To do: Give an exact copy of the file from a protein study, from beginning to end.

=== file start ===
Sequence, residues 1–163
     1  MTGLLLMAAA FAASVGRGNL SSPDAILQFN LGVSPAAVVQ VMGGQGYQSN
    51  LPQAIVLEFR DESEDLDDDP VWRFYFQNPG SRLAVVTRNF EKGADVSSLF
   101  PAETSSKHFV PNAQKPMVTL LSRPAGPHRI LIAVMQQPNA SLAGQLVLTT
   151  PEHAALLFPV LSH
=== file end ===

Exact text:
Sequence, residues 1–163
     1  MTGLLLMAAA FAASVGRGNL SSPDAILQFN LGVSPAAVVQ VMGGQGYQSN
    51  LPQAIVLEFR DESEDLDDDP VWRFYFQNPG SRLAVVTRNF EKGADVSSLF
   101  PAETSSKHFV PNAQKPMVTL LSRPAGPHRI LIAVMQQPNA SLAGQLVLTT
   151  PEHAALLFPV LSH